A new smart card combines facial, iris and fingerprint recognition for on-the-spot identity checks.
A global alliance of biometrics experts has claimed a world first with the development of a smart card that can carry out facial, iris and fingerprint recognition and verification.
The technology allows a facial snapshot, iris scan and fingerprint taken on the spot to be compared to the biometric embedded on the card’s microchip. This removes the need for a gigantic national database, one of the key obstacles to a national ID card scheme.
Unveiled at last week’s CardTechSecurTech fair in Las Vegas, the system combines Omniperception’s facial recognition technology with Precise Biometrics’ fingerprint knowledge, Iridian’s digital iris recognition technology, and Sharp’s Java smart card.
The new technology is claimed to be particularly suitable for use with ID cards and passports, as more than one biometric is frequently called for.
National ID cards once again hit the headlines this week when Metropolitan Police Commissioner Sir Ian Blair backed their introduction to help in the fight against terrorism (See cover story.)
Omniperception’s technology is aimed at the public and private sectors. But should govern-ments decide to push forward with ID cards it would both address political and security needs and satisfy concerns raised by civil liberty groups, said the company’s marketing director Martyn Gates. This is because the individual’s personal details are stored on the card rather than a national database.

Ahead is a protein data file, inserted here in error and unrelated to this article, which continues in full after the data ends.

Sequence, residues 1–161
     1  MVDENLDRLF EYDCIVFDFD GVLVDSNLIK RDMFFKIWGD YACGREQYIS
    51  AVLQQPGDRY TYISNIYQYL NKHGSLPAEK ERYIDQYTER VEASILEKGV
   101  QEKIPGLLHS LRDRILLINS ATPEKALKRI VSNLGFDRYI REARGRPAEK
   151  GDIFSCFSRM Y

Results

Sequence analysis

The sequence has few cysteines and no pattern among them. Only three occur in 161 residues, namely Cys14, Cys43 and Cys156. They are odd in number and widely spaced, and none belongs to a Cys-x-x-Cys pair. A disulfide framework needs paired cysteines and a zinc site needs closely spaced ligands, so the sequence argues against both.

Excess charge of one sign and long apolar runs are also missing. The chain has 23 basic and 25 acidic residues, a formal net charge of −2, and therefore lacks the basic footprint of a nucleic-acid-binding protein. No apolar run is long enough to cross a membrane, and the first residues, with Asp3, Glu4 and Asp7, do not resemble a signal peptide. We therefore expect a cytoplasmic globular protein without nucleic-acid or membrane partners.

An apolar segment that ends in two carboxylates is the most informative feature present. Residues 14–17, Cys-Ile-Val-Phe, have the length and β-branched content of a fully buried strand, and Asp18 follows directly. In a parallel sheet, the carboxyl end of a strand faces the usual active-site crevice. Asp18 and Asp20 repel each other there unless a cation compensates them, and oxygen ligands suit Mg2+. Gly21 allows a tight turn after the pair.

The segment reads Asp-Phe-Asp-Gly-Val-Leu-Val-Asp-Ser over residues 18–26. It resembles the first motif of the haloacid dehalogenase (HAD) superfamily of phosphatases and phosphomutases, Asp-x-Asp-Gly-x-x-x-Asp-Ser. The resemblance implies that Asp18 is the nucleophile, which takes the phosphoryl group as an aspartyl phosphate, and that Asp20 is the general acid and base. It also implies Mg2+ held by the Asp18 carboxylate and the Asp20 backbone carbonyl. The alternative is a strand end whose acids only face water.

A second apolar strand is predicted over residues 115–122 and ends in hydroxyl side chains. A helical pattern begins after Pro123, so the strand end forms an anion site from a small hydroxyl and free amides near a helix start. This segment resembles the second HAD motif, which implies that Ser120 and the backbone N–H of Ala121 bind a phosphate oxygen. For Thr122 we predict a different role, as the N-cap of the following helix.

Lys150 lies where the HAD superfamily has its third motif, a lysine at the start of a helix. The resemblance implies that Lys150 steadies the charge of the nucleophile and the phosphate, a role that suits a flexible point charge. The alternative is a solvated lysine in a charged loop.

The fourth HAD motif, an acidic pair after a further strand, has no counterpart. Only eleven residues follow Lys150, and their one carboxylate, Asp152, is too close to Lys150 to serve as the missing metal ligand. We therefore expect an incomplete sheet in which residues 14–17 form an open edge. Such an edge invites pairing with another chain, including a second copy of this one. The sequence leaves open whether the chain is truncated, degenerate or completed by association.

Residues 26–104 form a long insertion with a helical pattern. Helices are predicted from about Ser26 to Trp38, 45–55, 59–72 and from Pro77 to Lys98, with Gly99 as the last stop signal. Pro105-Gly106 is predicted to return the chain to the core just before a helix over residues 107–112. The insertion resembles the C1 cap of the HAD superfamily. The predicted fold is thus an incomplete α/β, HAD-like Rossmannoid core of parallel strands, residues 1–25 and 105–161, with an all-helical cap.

The card is being marketed by Precise Biometrics, which already has a number of customers. A company spokesman declined to reveal their identity.
Away from the politically charged climate of ID card technology, biometrics continues its march into the world of consumer gadgets with the launch of a sensor to enable mobile phones to recognise their owners and lock out unwanted users.
Developed by Japanese engineers at automation giant Omron, the OKAO Vision Face Recognition Sensor is claimed to be the world’s first face recognition sensor that can be used with mobile phones, PDAs or any other portable device with a built-in camera.
This has been made possible, claimed company spokesman Takayuki Nakamura, by both shrinking the core sensor technology and speeding up the face recognition algorithm. As well as enabling users to prevent others making calls, the biometric sensor will also help prevent access to the increasing amount of personal information that is stored on portable devices.
While previous face recognition systems have required a PC, devices equipped with the sensor do not require any additional hardware, said Nakamura. Users ‘register’ themselves with their device’s camera, then log on by taking their own picture. The sensor automatically detects the user and unlocks the unit.
According to Nakamura this identification process takes less than a second, and is flexible enough to recognise the user from a range of angles.
The system is now commercially available and Omron is discussing its application with a number of customers.